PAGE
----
Dougherty propped himself on his elbows. “Robots? Really! Why didn’t you say so? What could be more precise than robots? Seems today’s new technology makes everything safer.”

Windygate gently pressed him back down. “Yes, quite. But, as with any new technology, it still requires a spot of testing. Hence, you.”

He turned to his instrument tray and picked up a squat clear plastic container filled with several hundred, small, white, beads. Twisting the lid, he broke the seal and retrieved a handful of the tiny smooth spheres. Carefully, he extended his cupped gloved hand.

“Take a look, but do be careful, they cost a thousand dollars apiece. My research grant paid for them and I do hope to re-use them.”

Dougherty leaned over, craning his neck. “Huh. They’re tiny. Don’t look scary at all! What are they?”

“I call them: Remote-controlled Electronic Maggots. REMs for short.”

“Maggots, ugh!” Dougherty recoiled, making a face.

“Nominally only, for how they break down the dead tissue like maggots. But never you worry, they’re entirely controlled by this remote. See?”

Windygate plucked a gray rectangular object about the size of a cell phone from his instrument tray. Its hard rubber face had six smooth, raised buttons—four blue directional arrows, one red square, and one green circle. He passed it to Dougherty.

“A remote control, eh? Like something my boys might drive their toy cars with.” He handed it back.

“Yes, but in case you have any residual worries, my REMs have two built-in failsafe mechanisms,” Windygate bragged. “The red button kills their power, immediately stopping them. Second, they work by sensing inflammatory biomarkers near the wound. If they’re not in contact with necrotic skin, they won’t move. Prevents them from damaging any healthy tissue. See, here on my glove, it doesn’t move at all. There’s nothing for it to do. But, when I put it on your leg, it activates.”

******************************************************

EDITED BY:

DAN SHAURETTE & EMERIAN RICH

STORIES BY:

H.E. ROULO, TIM O’NEAL, JERRY J. DAVIS, EMERIAN RICH, BILL DAVIDSON, DANA HAMMER, NACHING T. KASSA, GARRETT ROWLAN, DAPHNE STRASERT, PHILLIP T. STEVENS, LAUREL ANNE HILL, CHANTAL BOUDREAU, GARTH VON BUCHHOLZ

Available on Amazon!

Saturday, Feb 9, I sell books at Newpark Mall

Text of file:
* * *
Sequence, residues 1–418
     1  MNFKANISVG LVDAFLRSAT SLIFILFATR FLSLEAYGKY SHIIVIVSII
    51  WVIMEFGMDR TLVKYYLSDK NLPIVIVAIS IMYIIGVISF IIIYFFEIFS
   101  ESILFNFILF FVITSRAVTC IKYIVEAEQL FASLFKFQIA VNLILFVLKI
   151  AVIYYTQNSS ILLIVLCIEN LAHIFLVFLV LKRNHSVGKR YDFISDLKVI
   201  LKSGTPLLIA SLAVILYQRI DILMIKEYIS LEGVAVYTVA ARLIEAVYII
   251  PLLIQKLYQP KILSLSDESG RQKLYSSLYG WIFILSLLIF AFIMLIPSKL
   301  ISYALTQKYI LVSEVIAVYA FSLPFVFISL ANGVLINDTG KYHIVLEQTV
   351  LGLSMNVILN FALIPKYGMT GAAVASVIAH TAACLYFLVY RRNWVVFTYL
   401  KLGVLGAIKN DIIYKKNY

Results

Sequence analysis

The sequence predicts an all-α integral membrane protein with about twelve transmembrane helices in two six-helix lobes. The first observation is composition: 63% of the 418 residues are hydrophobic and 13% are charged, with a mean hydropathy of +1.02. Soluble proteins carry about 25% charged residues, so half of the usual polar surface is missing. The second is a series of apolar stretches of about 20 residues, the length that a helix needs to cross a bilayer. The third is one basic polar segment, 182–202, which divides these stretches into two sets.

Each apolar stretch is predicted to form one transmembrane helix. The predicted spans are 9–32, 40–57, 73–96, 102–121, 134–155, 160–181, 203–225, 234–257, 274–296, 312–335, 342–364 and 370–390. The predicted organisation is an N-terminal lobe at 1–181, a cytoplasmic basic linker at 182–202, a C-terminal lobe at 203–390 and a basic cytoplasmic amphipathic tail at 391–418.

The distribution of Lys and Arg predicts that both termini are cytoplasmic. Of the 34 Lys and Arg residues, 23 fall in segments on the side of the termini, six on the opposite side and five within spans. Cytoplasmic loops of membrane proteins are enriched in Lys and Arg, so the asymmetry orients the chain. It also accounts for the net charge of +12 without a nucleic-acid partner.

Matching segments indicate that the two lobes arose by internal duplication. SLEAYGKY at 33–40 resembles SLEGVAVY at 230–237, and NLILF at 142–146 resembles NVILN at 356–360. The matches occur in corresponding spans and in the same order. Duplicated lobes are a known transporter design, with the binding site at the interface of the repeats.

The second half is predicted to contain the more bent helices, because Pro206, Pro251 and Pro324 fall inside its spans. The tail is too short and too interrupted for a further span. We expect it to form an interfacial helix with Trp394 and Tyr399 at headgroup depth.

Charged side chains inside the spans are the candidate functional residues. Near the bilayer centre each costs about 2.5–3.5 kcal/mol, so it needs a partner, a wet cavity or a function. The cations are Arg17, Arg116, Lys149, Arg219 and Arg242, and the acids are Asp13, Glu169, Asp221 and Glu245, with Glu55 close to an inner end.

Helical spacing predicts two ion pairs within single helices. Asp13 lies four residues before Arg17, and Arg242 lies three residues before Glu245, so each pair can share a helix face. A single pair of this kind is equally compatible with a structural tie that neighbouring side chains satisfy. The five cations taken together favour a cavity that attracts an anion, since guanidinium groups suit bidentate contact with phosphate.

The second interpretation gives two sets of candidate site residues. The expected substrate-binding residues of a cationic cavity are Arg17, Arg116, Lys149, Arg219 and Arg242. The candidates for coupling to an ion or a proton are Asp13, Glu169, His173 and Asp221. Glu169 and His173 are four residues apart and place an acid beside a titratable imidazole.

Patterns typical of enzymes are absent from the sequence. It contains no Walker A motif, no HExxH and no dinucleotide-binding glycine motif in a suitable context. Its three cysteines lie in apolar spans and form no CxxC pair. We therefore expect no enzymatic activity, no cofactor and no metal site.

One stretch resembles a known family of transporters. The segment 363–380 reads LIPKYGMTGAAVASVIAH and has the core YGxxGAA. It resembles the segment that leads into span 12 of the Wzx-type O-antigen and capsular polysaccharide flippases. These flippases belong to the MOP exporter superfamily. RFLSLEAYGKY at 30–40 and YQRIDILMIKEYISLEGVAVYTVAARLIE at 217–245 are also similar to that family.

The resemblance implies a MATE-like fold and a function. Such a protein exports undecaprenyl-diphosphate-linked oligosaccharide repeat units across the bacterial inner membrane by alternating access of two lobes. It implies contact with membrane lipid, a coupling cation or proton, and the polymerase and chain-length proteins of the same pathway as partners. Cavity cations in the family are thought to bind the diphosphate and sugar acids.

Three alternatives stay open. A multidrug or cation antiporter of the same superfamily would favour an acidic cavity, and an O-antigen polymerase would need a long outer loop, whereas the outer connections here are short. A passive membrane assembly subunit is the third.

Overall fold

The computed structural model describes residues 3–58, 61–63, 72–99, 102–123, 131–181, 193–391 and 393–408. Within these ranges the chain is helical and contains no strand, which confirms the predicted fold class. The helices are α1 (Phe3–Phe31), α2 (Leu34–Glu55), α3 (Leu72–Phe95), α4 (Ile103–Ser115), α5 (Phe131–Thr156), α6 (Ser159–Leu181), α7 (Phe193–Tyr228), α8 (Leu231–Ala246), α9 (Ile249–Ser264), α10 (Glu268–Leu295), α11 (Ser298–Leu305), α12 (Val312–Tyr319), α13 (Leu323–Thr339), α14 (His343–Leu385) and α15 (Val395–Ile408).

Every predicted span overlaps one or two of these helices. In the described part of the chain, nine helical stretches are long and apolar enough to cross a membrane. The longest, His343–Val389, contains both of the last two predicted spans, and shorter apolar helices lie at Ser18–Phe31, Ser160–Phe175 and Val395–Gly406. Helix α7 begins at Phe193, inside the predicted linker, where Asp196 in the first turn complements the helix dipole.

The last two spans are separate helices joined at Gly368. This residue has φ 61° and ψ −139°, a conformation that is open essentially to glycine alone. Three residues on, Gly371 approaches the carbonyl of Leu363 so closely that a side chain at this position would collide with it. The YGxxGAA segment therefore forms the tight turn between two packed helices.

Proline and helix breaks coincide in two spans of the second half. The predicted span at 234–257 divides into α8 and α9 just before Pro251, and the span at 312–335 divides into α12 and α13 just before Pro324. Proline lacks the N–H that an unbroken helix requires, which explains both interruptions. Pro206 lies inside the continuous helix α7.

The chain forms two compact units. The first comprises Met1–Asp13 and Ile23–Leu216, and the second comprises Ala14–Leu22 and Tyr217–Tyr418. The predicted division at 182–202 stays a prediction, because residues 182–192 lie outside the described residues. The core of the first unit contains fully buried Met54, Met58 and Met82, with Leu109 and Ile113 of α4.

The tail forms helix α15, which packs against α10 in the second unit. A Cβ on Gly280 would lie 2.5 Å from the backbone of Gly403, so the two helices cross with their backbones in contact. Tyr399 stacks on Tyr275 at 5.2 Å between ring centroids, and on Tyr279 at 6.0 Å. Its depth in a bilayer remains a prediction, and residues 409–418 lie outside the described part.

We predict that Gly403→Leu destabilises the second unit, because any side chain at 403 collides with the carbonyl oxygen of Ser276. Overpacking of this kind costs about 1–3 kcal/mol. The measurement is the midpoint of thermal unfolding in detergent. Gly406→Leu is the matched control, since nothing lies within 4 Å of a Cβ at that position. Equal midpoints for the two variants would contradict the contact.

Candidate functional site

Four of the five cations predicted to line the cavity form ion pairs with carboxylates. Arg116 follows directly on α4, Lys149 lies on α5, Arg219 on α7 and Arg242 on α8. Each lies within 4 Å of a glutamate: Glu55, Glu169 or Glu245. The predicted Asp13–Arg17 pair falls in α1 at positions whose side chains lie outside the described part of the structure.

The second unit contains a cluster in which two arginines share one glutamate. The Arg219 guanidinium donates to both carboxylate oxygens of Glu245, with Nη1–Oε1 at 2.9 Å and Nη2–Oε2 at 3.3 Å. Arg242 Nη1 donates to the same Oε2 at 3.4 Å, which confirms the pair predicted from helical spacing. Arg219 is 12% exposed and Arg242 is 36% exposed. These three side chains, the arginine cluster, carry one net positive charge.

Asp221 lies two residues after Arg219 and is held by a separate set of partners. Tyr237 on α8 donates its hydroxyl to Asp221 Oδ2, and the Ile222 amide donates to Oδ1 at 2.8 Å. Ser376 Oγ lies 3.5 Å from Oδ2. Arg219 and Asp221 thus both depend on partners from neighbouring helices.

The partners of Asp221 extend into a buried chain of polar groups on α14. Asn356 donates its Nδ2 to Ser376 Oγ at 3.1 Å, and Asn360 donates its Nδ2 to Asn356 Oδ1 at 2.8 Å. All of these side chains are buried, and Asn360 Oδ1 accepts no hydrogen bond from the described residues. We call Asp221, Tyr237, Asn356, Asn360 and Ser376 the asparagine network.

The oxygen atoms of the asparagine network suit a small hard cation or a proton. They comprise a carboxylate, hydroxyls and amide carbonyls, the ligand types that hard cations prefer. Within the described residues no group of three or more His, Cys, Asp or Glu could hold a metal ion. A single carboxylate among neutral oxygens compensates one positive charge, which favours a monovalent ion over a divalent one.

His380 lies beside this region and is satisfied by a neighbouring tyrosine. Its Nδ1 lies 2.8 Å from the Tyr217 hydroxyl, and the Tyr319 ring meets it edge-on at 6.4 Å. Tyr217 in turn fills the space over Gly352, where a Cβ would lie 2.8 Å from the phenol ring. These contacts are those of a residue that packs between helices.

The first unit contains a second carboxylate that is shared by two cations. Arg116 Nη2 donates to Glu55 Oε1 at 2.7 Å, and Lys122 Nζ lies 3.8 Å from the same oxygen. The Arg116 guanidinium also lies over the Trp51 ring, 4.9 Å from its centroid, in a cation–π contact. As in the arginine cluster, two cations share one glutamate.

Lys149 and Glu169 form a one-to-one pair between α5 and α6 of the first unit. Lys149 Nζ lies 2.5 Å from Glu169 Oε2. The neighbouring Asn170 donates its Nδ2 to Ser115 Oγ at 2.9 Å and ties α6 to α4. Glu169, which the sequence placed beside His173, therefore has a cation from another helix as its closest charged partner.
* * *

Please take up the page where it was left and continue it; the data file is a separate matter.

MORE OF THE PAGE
At Newpark Mall (2086 Newpark Mall, Newark, CA) from 10-6, near the food court, I will be with members of the Fremont Area Writers selling books. I have a fresh batch of Super Bad Hair Day books to sell, hopefully typo-free (although I might change a reference to Humphrey Bogart to James Cagney.) I will sign books. I will write. I’ll meet a budding artist, friend of a fellow FAW member. I will absorb creativity from my fellow writers. And I will see how strong my bladder is (the movie Malcolm X taught me two things: a movie can do justice to a great book, and never order a XXL soft drink at a three hour movie).

On Jan 24, I am an open mic headliner!

Thursday, January 24, sometime after 7pm, at the Cafe Frascati literary open mic (for writers of stories and poetry) in downtown San Jose (315 S 1st St.), I will be the headliner. That means I am on stage for about 15 minutes instead of the usual 4-5 minutes for the many and various storytellers and poets. I will perform The Intellecta Rhapsody, where Super Holly Hansson gets into a big argument with her boyfriend’s Batman-esque car (she punches a hole in its dashboard, it shoots her in the face like Daffy Duck and Elmer Fudd), and then she has to team up with the car to defeat a gangster and his gang (think Edward G. Robinson, “Yeah, yeah, Rocky got you good! Yeah! Yeah!”). I will do some fun voices: robot car, Patton-esque general, Rocky gangster, dopey henchmen. The background music is the classical Hungarian Rhapsody. I will bring Super Bad Hair Day books to sell. My latest shipment (fixing a typo and a little mark on the cover art) came in yesterday. The Intellecta Rhapsody script is in the book.